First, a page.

That’s a lot of assumptions, and they don’t factor in the possibility that an Apple tablet might cannibalize sales of Macs (or that the tablet may turn out to be a Mac, or at least more Mac-like than most people expect it to be).

One last thing: At the January, 2007 Macworld Expo keynote at which the iPhone was announced, Steve Jobs famously said the company was shooting to sell ten million iPhones in 2008. Even well into 2008, there was still plenty of skepticism about the company’s ability to make that goal. (Charles Jade at Ars Technica: “…one can see why analysts with advanced degrees in business and economics might doubt. It’s a good thing Steve Jobs dropped out of college.”)

Apple ended up selling just short of 13.7 million iPhones in calendar year 2008. Which is evidence that most of us in the outside world aren’t very good at crunching Apple’s numbers for it–even when we know vastly more than we do about the “iSlate.”

 
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10 Comments For This Post

  1. Constable Odo Says:

    Rather interesting article. But now you also need to throw in the factor of Apple’s retail stores which can really get up close to consumers. Both Apple retail stores and if Apple decides to further expand tablet sales to other retail outlets. Plus Apple has really gone global and Europe sales are doing very well. Apple has a lot more going for it now than it did even when the iPhone was first introduced. There wasn’t even a mobile SDK at the time. Apple has so much more now to drive tablet sales that those numbers for earlier products mean very little.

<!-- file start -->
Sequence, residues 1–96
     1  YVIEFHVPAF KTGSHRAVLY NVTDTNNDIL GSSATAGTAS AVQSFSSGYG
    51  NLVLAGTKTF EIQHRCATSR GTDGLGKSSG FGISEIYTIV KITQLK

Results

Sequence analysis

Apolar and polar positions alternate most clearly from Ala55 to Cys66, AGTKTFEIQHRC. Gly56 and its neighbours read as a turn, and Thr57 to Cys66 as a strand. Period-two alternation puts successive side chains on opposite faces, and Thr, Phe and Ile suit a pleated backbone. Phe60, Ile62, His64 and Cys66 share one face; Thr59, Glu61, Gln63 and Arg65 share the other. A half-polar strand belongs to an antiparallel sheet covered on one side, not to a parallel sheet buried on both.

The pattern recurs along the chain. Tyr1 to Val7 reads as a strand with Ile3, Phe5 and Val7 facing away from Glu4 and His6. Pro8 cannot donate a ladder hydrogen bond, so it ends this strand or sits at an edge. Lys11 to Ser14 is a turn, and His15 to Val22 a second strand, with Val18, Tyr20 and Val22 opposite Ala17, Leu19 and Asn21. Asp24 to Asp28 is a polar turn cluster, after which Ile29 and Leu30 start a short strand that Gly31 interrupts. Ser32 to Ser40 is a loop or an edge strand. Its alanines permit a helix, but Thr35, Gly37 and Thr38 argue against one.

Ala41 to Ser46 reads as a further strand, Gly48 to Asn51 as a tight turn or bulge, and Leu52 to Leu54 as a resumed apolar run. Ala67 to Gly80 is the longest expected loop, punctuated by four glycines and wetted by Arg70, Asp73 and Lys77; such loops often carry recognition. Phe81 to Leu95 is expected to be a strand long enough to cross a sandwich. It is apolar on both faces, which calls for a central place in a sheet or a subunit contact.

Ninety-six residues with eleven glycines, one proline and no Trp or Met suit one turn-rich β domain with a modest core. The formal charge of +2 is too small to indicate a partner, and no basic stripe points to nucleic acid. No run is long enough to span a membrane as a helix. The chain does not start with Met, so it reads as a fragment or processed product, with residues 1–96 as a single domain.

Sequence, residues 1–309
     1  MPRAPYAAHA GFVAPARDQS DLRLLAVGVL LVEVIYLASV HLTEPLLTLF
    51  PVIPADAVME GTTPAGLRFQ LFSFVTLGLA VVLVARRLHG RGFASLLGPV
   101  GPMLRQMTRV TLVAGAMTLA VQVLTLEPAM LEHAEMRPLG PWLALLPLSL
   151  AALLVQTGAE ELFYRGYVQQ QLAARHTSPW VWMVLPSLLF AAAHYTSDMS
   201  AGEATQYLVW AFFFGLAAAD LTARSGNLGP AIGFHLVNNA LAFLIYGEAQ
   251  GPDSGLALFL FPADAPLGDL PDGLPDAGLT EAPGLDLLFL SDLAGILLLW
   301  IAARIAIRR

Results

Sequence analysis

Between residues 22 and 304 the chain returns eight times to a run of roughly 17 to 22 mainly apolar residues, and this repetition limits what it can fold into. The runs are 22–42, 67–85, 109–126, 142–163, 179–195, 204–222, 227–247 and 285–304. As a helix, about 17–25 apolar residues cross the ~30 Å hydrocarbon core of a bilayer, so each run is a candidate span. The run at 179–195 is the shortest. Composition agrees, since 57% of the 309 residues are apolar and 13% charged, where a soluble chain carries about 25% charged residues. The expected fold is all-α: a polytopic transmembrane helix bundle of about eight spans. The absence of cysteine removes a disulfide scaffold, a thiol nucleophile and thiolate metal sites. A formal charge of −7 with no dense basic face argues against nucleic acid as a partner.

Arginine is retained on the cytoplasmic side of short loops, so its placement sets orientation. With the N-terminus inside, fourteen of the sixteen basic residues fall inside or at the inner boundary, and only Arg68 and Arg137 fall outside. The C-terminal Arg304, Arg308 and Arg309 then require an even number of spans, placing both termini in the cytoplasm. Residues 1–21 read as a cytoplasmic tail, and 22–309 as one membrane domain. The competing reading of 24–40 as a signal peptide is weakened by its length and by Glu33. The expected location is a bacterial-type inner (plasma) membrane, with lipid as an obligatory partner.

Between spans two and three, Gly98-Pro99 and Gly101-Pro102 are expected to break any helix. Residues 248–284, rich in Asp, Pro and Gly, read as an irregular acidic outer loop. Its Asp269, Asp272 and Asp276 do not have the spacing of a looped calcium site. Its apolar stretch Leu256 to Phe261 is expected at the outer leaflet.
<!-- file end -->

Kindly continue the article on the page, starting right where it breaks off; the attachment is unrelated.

Tech-smart people are the worst to judge what the tech-stupid people will be interested in buying. If Amazon can sell a Kindle and have moderate success, it should be a breeze for Apple to sell more tablets than Amazon.

  2. Drew Says:

    The are a few questions I have; who is the target for this tablet? Is to to replace a laptop, supplement a laptop? A lot of people have made tablets, but they never seem to catch on. Will the lack of a keyboard be an issue? The Amazon Kindle was offered as a example, but that is 25% of the “less than $1,000″ price. $999 is less than $1,000.

    If this thing comes off, I think it will be a big hit, but if it is priced around $1,000, it seems it might be hard to hit 10 million units.

    Now, it if was priced around say $700, that could be something very different.

  3. KenC Says:

    Considering that Apple only sells 10M Macs in a year, I think 10M tablets is a bit much, so I wouldn’t put any credence in what any Googler says. Factor in that it’s highly unlikely to come at the start of this year, then it’s even more unlikely.